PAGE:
Iraqi Forces Stand Up As U.S. Mentors Step Aside




 
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Boots
 
March 5th, 2008  
Team Infidel
 
 

Topic: Iraqi Forces Stand Up As U.S. Mentors Step Aside


Washington Times
March 5, 2008
Pg. 12
Trained commanders plot to wrest al Qaeda from last urban stronghold
By Richard Tomkins, The Washington Times
MOSUL, Iraq -- Thousands of U.S. soldiers and Mar- -ines are mentoring their Iraqi counter-parts across Iraq to bring to bear President Bush's pledge: "As the Iraqis stand up, we will stand down."
More than 4,000 military transition teams work with Iraqi army units from the company level on up, teaching combat tactics, operational planning and logistics to lead to a sustainable Iraqi combat force capable of planning and conducting operations in the long term.
Col. David Brown and the 17 soldiers of Team Griffin lead the effort at India Base in the al-Kindi district of Mosul, al Qaeda in Iraq's last urban stronghold.
The facility is thought to have been a missile testing site during the regime of Saddam Hussein. Team members still find small missile and rocket components in the sand next to the protective barriers they have built.
India Base is adjacent to the headquarters of Iraq's 2nd Division and the offices of its charismatic commander, Brig. Gen. Moutaa Habeeb Jassim.
The 2nd Division is considered one of the best in Iraq. For years, it has operated independently in planning and conducting missions in northern Iraq, detaining insurgent suspects, breaking up terrorist cells and maintaining a semblance of security.
With the Iraqi police, it has developed an extensive system of informants who disclose the locations of weapons caches and point out terrorist suspects.
U.S. combat forces in Mosul act in a supporting role for 2nd Division troops when asked, typically supplying vehicles for raids.
"I don't think they get the credit for what they've done over the past 24 months," Col. Brown said of the 2nd Division. "This isn't Baghdad, and they didn't have the large U.S. presence the capital did. But they stood up and did what they had to do.
"They're absorbing a lot of change right now. Our mission with them is to ... help them follow a more strategic or operational viewpoint."
The Iraqi military is setting up a national operations center in Mosul. That will require Gen. Moutaa to obtain the approval of high-level officials before acting on some of his plans.
The operations center is being established as part of Prime Minister Nouri al-Maliki's declaration of a "decisive" battle against al Qaeda in Mosul.
U.S. commanders estimate that 300 hard-core al Qaeda members and other terrorists are lurking in or near the city. That number rises to more than 1,000 when factoring in those who plant explosives on behalf of these groups, an Iraqi brigade commander said.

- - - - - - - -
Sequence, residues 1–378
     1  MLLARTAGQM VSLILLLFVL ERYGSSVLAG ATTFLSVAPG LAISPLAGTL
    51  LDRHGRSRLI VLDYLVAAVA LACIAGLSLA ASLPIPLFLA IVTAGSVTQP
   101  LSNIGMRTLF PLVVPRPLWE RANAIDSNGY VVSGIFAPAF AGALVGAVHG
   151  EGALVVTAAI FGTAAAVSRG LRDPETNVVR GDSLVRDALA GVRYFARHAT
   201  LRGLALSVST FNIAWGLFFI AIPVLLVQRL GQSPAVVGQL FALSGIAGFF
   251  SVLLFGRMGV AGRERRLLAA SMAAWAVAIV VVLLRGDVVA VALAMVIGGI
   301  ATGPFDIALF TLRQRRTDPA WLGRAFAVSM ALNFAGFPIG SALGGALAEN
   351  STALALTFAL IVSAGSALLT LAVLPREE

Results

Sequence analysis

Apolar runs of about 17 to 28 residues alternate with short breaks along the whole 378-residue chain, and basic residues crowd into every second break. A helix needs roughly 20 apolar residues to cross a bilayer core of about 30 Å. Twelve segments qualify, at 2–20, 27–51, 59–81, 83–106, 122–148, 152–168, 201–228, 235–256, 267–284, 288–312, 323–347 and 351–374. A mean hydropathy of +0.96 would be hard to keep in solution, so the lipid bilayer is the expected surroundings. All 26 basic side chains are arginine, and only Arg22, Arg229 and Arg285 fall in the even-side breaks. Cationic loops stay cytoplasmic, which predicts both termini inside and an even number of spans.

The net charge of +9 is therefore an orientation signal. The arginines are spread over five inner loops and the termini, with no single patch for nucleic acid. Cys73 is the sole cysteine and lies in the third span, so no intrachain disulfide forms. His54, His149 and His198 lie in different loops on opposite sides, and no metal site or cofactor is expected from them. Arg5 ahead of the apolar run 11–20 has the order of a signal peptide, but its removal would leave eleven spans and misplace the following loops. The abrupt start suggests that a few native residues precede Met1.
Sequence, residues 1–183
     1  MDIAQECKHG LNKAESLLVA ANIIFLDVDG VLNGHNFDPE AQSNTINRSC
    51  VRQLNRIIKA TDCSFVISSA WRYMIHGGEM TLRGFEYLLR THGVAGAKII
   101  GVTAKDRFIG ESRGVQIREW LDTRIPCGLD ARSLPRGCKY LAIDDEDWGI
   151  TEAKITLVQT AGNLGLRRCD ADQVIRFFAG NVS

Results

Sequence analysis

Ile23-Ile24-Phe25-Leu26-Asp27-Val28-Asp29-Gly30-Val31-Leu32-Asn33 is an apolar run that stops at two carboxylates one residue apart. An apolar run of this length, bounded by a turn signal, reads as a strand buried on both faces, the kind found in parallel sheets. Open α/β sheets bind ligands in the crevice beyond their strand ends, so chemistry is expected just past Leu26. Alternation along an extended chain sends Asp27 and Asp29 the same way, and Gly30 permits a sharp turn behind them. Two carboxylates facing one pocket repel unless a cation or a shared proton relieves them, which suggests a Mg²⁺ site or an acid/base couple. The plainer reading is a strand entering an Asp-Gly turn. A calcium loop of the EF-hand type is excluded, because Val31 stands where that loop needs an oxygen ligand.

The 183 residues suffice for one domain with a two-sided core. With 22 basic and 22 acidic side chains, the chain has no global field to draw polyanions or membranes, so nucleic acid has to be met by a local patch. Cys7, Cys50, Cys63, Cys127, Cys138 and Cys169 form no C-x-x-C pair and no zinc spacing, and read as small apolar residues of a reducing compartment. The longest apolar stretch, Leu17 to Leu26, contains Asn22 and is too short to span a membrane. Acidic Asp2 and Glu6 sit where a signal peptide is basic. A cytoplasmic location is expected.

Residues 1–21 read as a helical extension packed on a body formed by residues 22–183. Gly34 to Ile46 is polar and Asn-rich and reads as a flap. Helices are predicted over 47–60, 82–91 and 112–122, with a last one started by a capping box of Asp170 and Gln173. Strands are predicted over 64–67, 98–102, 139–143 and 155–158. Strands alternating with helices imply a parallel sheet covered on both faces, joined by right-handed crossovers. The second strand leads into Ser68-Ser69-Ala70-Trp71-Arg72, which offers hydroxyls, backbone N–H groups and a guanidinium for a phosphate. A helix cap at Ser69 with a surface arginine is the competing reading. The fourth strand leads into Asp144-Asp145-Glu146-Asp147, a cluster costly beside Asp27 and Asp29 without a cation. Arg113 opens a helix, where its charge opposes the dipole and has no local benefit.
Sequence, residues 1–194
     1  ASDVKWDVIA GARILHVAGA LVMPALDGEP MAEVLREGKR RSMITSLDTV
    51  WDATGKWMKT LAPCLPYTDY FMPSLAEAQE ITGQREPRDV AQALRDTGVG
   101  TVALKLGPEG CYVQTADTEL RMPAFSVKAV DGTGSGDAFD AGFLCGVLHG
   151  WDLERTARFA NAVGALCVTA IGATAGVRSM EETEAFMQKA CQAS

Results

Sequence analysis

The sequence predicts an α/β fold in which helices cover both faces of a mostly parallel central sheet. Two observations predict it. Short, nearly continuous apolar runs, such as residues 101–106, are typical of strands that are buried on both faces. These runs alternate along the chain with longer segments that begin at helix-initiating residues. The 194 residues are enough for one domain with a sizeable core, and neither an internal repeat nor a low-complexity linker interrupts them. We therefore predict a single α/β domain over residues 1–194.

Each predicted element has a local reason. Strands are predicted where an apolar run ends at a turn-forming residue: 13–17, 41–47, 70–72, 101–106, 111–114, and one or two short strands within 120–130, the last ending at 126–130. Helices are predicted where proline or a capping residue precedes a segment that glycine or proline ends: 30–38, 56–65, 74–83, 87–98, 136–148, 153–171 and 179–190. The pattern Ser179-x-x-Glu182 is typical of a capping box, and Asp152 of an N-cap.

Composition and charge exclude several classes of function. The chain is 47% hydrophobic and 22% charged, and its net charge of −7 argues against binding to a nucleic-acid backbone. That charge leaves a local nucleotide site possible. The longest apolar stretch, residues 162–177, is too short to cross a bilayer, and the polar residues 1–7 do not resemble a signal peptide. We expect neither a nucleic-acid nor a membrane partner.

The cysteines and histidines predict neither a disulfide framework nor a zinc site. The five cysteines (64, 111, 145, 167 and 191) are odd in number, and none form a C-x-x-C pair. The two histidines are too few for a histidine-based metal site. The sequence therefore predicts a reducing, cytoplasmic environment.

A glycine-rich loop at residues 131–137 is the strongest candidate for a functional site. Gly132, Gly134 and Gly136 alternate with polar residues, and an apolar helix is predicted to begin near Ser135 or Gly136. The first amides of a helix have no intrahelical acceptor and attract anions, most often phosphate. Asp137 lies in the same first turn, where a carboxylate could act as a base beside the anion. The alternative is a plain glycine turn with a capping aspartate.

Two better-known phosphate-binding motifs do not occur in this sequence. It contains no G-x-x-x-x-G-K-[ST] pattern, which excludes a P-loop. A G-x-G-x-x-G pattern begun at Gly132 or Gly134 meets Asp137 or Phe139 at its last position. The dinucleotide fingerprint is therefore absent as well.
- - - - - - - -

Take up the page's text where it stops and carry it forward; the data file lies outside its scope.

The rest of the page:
Twelve to 24 terrorist incidents occur on an average day in Mosul. About half involve vehicle bombs or improvised explosive devices.
Col. Brown's 17 team members are divided into specialties in engineering, explosive ordnance disposal, reconnaissance, communications, logistics and intelligence. Their roles and jobs are switched often because of a lack of support personnel.
Captains and even majors man the machine guns or drive the Humvees. All are specialists, and many are on their second or third tours of Iraq.
The transition teams are branches of military units, such as the 3rd Armored Cavalry Regiment in nearby Forward Operating Base Marez, whose own needs take priority.
Members of Col. Brown's unit say logistics is the biggest issue. One brigade of the Iraqi division has fewer than a dozen operating Humvees. The rest are rusting or awaiting repair with cannibalized parts or new parts that can take up to three months for delivery.
Col. Brown's team helps the Iraqis arrange transport and work through the painstaking maze of paperwork and procedures to obtain parts and repairs.
Operational planning is Col. Brown's specialty. He advises senior officers on patterns to lead to operational success without having to rely on U.S. forces.
During the long campaign against terrorists in Mosul, a dozen Iraqi officers recently gathered to formulate plans to push forces from the fringe of the city into the urban area. They discussed ways to build and man combat posts for a round-the-clock security presence in key Mosul neighborhoods.
Col. Brown, an observer at one meeting, smiled at the depth and breadth of discussion. The commanders challenged one another's ideas, rethought approaches, debated tactics for building the outposts without upsetting residents, and looked beyond the operation toward the impact on future security efforts.
They would debate the details in later meetings before deciding on a plan to submit to high-level officials. The lessons in operational planning had been absorbed.
Later, Col. Brown and Gen. Moutaa sat in the general's office, talking late into the night about the meeting. They shared endless glasses of sweet tea while exploring ways for the Iraqis to solve logistics problems and how Col. Brown's team could assist in the interim.
Mentoring, trust and building a new Iraqi army follow no 24-hour clock.
 


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